The man without fear. David Valero (Baza, 34 years old) plunges headfirst into a new challenge, impossible as it may seem. The difficulty, capital letter. Glory, the greatest possible. This Saturday the Spaniard meets the greatest MTB legend, Nino Schurter, in the Glasgow World Championships, in addition to dealing with multidisciplinary talent: Tom Pidcock (current Olympic champion) and Mathieu van der Poel, He aspires to become the first cyclist in history to win three world gold medals in different disciplines in Scotland in the same year (in 2023 he has the cyclocross and the road rainbow). With a résumé that few have achieved in the past two years (Olympic bronze, win at a World Cup event, silver in the last World Cup, etc.) number one in the UCI ranking in 2022), David has shown he is capable of handling them. Talk to AS before the big day.
—How do you face this new challenge of the World Cup?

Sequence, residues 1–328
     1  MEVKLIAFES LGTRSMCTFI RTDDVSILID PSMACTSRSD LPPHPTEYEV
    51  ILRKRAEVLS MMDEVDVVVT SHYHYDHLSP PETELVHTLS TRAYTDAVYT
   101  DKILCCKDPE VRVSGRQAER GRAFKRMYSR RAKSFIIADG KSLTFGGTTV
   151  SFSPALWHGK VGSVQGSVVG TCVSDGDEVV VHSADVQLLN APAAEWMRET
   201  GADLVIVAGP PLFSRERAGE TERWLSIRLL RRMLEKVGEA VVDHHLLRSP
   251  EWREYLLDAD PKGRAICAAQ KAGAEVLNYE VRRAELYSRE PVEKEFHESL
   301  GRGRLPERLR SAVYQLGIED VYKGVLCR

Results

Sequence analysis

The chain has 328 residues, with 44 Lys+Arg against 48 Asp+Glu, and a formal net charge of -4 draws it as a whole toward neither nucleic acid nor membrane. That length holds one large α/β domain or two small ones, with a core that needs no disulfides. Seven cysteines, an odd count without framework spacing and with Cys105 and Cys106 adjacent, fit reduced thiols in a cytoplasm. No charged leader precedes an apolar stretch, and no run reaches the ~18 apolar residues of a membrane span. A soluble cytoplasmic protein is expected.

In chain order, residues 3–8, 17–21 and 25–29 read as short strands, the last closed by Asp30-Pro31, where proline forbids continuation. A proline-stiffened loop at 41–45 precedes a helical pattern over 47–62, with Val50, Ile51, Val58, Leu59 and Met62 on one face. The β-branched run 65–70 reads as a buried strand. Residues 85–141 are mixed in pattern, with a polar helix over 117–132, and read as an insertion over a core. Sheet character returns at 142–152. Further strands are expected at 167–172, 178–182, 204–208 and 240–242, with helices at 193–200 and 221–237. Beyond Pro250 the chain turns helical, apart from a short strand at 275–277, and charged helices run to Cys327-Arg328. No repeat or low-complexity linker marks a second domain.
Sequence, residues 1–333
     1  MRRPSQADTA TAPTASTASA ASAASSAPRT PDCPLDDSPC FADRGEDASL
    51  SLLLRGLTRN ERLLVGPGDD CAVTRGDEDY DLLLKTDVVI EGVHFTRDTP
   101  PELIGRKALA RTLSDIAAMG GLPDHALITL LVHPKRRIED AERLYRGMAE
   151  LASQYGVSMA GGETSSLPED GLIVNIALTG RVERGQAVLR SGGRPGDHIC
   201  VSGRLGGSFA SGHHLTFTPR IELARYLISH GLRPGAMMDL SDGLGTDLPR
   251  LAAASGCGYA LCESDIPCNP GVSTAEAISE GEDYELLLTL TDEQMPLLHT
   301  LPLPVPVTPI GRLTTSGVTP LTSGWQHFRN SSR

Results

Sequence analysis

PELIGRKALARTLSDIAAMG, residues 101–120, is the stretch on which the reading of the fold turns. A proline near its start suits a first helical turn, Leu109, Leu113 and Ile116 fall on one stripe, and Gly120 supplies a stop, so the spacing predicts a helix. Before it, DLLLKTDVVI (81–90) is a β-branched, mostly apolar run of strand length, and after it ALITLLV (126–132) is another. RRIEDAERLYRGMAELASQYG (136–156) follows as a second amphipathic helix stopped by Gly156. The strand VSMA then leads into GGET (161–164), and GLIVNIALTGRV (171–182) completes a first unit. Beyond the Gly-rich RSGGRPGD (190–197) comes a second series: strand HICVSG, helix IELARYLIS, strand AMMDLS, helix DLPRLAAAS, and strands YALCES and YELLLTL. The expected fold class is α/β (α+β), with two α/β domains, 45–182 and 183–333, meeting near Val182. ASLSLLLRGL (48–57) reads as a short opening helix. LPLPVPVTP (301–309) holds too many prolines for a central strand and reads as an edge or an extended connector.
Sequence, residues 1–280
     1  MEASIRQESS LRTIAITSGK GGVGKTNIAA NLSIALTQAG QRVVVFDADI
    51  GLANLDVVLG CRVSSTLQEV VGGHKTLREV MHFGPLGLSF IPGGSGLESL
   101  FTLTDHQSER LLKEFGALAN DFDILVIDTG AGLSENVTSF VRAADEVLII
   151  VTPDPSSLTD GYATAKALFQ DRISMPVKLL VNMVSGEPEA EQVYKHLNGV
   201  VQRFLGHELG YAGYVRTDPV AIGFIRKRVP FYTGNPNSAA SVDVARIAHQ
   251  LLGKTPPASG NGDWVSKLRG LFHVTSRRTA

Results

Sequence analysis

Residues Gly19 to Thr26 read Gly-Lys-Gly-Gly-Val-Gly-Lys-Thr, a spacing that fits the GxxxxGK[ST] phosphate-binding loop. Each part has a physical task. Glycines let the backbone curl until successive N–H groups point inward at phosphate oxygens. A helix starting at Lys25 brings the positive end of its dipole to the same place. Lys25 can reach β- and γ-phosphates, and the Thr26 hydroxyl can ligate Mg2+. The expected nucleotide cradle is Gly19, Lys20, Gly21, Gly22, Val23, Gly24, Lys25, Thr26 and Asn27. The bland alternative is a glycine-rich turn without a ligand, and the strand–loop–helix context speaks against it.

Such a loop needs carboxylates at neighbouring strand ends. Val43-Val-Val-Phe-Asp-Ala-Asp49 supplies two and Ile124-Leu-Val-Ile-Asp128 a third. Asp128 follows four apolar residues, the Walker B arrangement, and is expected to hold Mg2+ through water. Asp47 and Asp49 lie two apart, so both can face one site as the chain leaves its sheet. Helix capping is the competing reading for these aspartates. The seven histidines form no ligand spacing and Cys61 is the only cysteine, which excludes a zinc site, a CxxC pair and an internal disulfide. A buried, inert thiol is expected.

“In 2023 it’s the most important event that we have and I think all runners are preparing a little more carefully in view of the World Championships.” In the end it can be a good World Championships where all runners compete. It is the event with the most points at stake and of greater importance, in this case the Paris Olympics in 2024.
“At this point in the season are you achieving what you expected at this great event in Glasgow in terms of your results, confidence and fitness?
—Yes, I think I’ll get there quite well, at a sweet spot. I didn’t get good results, but I’m a bit calmer because I know that next year will be quite a difficult year. Struggling to reach another peak form ahead of the games to decide who goes to Paris.
—What will your roadmap look like in Glasgow in view of the preparations of the past few days?
—Well, I still don’t know the whole schedule and stuff, but we arrived on Tuesday evening (yesterday). First, go to the race track for training on Wednesday. I want to recognize it well, see all lines, all lines and study it as well as possible. And on Friday I will certainly return to the circuit to complete the final inspection and do some more specific training, which I like to do the day before an important meeting.